It’s the first memory that comes to mind when I think of all the times and all the people who have lifted me up when I was down and bloody over the years.
We see an image and foretaste of resurrection in Mark’s Gospel today. Jesus lifting Simon Peter’s mother in law up by the hands, healing her, she then serves her guests and visitors.
What is Resurrection like?
Some of the oldest Christian images and iconography are of Jesus lifting Adam and Eve up by their hands from the prison of death. The image is sometimes called The Resurrection, sometimes it is called the Harrowing of Hell.
Being lifted from the prison of death and hell.
Then serving our guests and visitors, the ministry of hospitality.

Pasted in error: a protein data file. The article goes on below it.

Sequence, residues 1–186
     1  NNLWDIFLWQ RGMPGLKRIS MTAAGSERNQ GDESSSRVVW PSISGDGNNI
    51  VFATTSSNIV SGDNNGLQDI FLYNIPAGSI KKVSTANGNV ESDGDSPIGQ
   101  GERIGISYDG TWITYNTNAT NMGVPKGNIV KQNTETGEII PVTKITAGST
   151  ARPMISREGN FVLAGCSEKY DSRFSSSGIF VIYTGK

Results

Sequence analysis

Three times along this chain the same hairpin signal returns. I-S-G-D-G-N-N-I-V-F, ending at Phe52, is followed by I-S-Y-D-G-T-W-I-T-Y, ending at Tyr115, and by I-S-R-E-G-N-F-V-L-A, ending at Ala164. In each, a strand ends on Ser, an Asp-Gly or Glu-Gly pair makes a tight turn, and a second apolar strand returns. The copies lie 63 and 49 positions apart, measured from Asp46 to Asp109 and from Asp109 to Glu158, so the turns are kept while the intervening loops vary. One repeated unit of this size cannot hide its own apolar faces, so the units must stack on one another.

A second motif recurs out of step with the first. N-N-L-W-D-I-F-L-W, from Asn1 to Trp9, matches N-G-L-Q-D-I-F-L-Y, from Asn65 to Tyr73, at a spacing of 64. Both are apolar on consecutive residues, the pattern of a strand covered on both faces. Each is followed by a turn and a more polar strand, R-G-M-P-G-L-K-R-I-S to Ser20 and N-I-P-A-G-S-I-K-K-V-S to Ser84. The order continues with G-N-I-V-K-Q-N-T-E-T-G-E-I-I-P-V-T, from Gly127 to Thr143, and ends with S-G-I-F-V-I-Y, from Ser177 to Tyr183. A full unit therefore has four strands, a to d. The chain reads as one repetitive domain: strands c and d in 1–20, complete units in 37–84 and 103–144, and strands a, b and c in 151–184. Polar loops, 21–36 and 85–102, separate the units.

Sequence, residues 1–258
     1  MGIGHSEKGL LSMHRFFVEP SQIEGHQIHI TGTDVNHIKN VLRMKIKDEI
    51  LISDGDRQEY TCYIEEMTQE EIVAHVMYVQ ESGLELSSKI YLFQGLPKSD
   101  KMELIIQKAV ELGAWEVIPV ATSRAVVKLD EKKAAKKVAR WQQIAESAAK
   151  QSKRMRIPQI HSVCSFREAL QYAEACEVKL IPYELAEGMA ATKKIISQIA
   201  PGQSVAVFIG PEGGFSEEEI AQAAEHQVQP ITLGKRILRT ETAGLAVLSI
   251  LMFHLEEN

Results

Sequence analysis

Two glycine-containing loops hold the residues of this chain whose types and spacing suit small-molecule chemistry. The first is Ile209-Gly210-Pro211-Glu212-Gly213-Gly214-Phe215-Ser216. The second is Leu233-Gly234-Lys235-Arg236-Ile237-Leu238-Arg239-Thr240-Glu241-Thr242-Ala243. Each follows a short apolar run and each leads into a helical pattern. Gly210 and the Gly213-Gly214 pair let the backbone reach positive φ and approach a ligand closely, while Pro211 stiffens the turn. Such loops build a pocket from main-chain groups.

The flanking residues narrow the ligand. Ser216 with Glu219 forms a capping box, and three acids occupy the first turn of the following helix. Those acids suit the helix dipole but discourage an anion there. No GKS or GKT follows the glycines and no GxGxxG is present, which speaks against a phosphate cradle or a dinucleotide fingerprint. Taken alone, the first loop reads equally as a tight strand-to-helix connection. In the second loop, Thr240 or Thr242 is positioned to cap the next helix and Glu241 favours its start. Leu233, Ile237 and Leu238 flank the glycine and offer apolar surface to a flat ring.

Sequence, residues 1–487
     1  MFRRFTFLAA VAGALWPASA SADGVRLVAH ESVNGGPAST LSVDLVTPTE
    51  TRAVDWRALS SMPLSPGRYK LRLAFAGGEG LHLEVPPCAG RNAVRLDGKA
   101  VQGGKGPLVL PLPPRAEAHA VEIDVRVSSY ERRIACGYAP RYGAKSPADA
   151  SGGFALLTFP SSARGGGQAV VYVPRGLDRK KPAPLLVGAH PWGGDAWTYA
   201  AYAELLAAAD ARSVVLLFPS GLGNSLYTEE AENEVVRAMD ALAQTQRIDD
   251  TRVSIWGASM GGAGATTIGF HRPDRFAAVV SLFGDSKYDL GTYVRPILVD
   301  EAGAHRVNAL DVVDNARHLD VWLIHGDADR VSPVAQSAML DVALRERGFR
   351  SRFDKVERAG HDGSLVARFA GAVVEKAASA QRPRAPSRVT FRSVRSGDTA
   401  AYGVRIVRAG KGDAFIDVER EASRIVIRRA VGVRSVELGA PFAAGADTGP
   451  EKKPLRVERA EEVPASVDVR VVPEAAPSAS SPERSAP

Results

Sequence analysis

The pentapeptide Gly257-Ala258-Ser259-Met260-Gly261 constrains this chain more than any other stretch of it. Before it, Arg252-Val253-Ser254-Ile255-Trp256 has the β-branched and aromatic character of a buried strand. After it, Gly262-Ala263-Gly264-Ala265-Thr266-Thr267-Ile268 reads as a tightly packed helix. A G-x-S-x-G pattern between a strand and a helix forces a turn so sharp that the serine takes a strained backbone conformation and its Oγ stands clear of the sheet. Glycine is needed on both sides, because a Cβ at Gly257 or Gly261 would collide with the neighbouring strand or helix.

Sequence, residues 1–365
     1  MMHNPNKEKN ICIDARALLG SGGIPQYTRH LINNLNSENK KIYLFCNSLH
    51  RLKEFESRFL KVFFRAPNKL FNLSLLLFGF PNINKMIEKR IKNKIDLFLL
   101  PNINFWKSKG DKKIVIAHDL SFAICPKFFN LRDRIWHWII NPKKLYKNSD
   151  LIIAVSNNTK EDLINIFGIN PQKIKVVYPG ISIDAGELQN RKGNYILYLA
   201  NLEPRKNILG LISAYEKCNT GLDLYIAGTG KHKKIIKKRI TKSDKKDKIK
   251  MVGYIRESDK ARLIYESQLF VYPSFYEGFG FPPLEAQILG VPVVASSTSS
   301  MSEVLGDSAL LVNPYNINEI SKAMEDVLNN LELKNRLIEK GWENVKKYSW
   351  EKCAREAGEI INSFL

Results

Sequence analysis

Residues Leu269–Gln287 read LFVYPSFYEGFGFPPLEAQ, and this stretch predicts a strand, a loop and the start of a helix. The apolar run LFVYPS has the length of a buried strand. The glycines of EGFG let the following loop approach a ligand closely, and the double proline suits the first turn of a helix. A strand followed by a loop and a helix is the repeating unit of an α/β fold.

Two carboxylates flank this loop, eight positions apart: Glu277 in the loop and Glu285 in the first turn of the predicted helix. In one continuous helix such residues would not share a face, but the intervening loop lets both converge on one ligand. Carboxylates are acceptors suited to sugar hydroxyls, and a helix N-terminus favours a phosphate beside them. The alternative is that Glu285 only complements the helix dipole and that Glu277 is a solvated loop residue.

What is resurrection like?
How many times have we witnessed the power of the resurrection, of Jesus at work in the world? The lifting up by the hand. How many times have we missed what was happening?
Lending a hand. The hand is quicker than the eye, there is more going on than we see. A revealing is opened up before us of the ultimate fate of all creatures. We just thought it was being polite when it was really the glory of God pouring into the world. Oh my.
What does Resurrection look like?
It turns out we are surrounded by it all the time. The witness of faith is everywhere. Faithfulness abounds when we think we have fallen, our knees torn, our hands bloodied, we’ll never get up again. A hand lifts us up out of that grave.
Sometimes we become that hand that lifts someone else up.